We’ve been chatting to Nicolas Pochez, UK Managing Director at Gameloft, to find out how the studio grew to dominate mobile gaming...
In 2015 the UK mobile gaming market was worth £548m. But you don’t need us to tell you that mobile gaming is huge news – there’s every chance you’ve got at least one game on your phone’s home screen right now. What you might not know, however, is exactly how it got there.
While mobile gaming is big business, a lot of love, sweat and tears go into every megabyte to ensure that they can compete with the best titles found on consoles, and nowhere is that truer than at Gameloft.
We’ve been chatting to Nicolas Pochez, UK Managing Director at Gameloft – arguably the founding father of the industry, and creators of franchises like Despicable Me: Minion Rush, Asphalt and Modern Combat to find out how the studio came about, how it stays relevant, and about what mobile gaming will look like in 2016 and beyond…
Alpha: Mobile gaming pioneers
“Our founder Michel Guillemot saw the potential of mobile phones as entertainment platforms way back in 1999,” says Nicolas. “So he started Gameloft to produce and distribute fun, addictive, and high-quality games that could be adapted to all mobile phones around the world.
“The iPhone created a huge shift in the market…”
“Gameloft was one of the first companies in the world to develop games for Java and Brew-enabled handsets, but we started with 2D games in black and white – WAP & SMS games. We even built games for the PalmPilot, Pocket PC and old Nokia 3410.”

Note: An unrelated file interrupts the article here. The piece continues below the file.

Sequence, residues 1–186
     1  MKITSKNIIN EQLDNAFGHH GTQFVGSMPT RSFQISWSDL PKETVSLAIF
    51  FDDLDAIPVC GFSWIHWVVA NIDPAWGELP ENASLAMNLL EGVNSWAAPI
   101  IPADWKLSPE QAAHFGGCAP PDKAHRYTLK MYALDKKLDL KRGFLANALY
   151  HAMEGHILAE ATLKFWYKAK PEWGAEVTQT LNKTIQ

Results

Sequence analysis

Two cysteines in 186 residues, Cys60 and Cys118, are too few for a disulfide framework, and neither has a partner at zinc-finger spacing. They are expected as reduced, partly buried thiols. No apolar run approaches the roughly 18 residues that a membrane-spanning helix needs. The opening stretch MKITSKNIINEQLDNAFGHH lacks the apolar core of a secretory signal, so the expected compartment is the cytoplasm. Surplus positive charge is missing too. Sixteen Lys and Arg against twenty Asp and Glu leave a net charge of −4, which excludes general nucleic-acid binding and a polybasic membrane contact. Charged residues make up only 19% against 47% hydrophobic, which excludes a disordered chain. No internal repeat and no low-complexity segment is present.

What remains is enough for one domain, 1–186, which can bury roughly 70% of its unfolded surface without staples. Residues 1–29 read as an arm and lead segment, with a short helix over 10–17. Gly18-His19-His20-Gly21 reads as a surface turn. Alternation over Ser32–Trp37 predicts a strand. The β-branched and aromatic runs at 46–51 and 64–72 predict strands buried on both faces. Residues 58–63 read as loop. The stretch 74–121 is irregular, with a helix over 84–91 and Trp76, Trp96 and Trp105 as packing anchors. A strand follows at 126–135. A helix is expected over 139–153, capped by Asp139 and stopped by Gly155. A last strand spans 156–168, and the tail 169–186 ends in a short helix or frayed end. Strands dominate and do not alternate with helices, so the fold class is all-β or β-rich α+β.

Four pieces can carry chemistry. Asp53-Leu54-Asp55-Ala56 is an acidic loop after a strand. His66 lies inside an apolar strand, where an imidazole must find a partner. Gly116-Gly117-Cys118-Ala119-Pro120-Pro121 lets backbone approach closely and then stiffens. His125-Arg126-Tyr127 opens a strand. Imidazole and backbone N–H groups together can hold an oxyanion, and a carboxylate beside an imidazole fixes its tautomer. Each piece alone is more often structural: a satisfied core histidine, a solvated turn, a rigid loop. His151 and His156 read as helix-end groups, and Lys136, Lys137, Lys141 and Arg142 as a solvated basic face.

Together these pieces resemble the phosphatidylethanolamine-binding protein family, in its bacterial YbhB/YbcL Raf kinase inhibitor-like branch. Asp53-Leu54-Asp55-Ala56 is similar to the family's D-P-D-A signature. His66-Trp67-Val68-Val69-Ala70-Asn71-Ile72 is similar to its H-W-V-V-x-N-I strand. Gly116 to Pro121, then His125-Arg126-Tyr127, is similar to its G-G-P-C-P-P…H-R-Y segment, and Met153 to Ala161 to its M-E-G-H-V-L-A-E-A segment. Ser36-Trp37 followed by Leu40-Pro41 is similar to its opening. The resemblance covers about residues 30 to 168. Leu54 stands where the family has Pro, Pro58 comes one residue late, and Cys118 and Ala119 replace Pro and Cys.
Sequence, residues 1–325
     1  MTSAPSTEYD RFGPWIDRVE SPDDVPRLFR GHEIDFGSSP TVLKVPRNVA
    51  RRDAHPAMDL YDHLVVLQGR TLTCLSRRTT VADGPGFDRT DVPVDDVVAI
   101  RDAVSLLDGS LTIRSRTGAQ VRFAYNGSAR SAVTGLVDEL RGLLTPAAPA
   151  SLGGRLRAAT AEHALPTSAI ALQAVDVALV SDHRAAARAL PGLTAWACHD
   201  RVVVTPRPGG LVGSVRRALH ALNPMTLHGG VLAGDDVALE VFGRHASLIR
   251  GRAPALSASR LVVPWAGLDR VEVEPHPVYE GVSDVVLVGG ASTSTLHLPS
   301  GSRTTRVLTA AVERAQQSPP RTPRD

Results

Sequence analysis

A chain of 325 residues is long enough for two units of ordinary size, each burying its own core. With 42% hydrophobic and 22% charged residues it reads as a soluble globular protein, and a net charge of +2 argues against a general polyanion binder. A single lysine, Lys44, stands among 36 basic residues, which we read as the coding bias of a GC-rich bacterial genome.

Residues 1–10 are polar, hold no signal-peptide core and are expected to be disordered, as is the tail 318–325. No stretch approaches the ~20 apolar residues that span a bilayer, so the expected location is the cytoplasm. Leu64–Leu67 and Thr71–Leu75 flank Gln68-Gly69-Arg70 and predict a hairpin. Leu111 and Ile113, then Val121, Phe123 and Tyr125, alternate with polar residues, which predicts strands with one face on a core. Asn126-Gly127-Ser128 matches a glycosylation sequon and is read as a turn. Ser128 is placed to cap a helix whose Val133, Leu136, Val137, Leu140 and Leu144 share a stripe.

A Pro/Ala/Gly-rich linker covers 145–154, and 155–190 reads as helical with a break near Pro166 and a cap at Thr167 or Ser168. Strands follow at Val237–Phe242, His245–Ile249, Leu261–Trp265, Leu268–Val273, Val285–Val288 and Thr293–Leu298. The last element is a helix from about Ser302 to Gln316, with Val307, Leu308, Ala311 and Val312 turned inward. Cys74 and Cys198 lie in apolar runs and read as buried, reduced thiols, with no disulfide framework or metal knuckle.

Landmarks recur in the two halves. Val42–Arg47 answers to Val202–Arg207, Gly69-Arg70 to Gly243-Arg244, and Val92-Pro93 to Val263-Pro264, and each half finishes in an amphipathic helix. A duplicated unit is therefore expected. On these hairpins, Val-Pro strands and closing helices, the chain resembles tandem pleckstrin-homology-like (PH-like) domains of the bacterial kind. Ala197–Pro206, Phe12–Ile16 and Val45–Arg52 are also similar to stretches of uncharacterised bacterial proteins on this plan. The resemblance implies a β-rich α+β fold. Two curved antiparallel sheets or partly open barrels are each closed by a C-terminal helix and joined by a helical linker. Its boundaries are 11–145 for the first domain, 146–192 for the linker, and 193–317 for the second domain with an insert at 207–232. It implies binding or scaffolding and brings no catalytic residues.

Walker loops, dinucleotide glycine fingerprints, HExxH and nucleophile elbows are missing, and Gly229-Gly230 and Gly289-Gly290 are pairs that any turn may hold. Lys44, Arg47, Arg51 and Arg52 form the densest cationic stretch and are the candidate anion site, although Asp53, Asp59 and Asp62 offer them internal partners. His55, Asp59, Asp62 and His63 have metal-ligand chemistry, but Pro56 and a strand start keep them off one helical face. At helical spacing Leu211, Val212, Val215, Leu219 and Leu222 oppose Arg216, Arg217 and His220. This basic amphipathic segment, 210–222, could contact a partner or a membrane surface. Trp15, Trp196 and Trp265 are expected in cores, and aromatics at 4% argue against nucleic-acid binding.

All that was a long time ago now – a time well before iOS and Android completely transformed the industry. Big shifts in technology like these emerging platforms always cause casualties, but Gameloft more than survived the changing tide, thriving by being quick on its feet:
“The iPhone created a huge shift in the market,” says Nicolas, “as it allowed a much greater level of complexity in mobile game development, and that completely blew everything else out of the water. So we shifted towards smartphones and touchscreen interfaces as soon as we could.
“In fact, we were the first company to offer six games on the Apple App Store after it was launched in July 2008. And last year, according to App Annie’s H1 2015 index for games, we ranked as the number one game company worldwide in terms of downloads on iOS and Google Play combined.”
Beta: Making a game-changing game
Since 1999, Gameloft’s grown to the point where it now has 6,200 employees under its belt, making it one of the biggest players in gaming full stop – not just in mobile. And with that much manpower, you can create some incredible games. Titles such as Dragon Mania Legends, and Dungeon Hunter 5 were the runaway hits of 2015, while movie tie-ins like Spider-Man Unlimited are also big business. But how does each game go from drawing board to your pocket?
“The main three stages in the development of a game are called Alpha, Beta and Gold,” Nicolas explains. And they break down like this:
“This is the stage after which all the foundations of a game’s design are laid down, and the key features are completed. The bulk of the work is done here, leaving the game is then a basic form of its finished version, ready to be improved.”
“The code is now complete and the game is nearly finalized. We’ll test it to breaking point and fix any bugs that arise, alongside putting in any finishing touches.”
“This means that the game has passed all QA (Quality Assurance) testing and is ready for launch.”
Obviously, the lionshare of the work goes into the game’s Alpha stage, and that’s where there’s a huge amount of things to figure out – not just the game’s setting or story. For instance, how do you control the game? With Gameloft’s bread and butter being console-quality games on touchscreen devices, there’s a difficult line tow: